Skip to main content

Having your car towed due to some sort of parking infraction is a massive fear for many. Restricted parking is usually well marked, but it’s also easy for people to make a mistake. Of course, the cost of getting a vehicle back from the tow yard can be expensive. So, how long do you have to come up with the money before the tow yard takes further action?

What happens after your car is towed

Coming outside to find that your vehicle isn’t where you left it is immensely distressing. The first thing drivers should do is to look around and see if there are signs related to towing vehicles for improper parking. If so, call your local law enforcement agency to see if your car has been hauled off and where you can find it.

The cost of a tow isn't cheap
Car being towed | krblokhin via iStock

As most know, there is a towing fee that drivers have to pay to get their vehicle back. First, there is the initial fee for the towing company to hook up your vehicle to the tow truck. This can range from $50 to $200, but many tow truck companies also charge by the mile to transport your vehicle. According to The Zebra, the national average for the cost of a tow is $109.

Then there’s storage. Many states have laws that say drivers can’t be charged a storage fee before 24 hours when their car is towed. This fee is often a daily rate. Of course, the towing yard won’t keep your car forever. In most cases, they’ll allow it to remain in their yard for 30 days. After this, they’ll put a lien on the vehicle and putting it up for auction.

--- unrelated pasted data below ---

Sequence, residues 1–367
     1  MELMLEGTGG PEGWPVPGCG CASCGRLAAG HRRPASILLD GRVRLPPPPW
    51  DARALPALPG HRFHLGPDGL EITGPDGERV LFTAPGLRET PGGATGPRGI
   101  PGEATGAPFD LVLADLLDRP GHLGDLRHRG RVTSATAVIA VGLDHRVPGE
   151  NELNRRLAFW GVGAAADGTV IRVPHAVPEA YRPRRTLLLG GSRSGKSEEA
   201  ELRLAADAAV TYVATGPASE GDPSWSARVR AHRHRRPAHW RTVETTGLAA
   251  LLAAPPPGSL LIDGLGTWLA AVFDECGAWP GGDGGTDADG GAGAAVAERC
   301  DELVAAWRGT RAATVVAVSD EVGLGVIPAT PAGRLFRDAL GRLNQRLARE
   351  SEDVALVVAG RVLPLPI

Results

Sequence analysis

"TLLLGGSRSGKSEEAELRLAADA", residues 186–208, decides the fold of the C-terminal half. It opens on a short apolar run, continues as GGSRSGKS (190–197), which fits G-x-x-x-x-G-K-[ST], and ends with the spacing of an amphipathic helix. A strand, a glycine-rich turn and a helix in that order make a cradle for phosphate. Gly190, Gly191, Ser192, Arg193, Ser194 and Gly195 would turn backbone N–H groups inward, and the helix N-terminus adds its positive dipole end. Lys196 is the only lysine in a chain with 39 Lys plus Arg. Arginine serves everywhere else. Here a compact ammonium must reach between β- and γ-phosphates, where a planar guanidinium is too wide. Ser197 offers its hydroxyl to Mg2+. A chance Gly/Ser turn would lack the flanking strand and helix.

There are other reasons your car could be hauled away

Most people only think of parking in the wrong areas as reasons their car could be towed. However, this can happen for other reasons. If you ever get arrested and there’s no one who can get your car fast enough, police can have it towed. When this happens, the driver is still on the hook for the towing and impound charges.

Other reasons your car could be towed include expired registrations, obstructing roadways, and leaving it on public roads for more than ten days. Of course, these reasons also mean that the driver must pay the proper fees to get their vehicle back. Not doing so could result in the harsher actions. In most cases, it’s best practice to notice parking regulations and ensure all your registration information is current.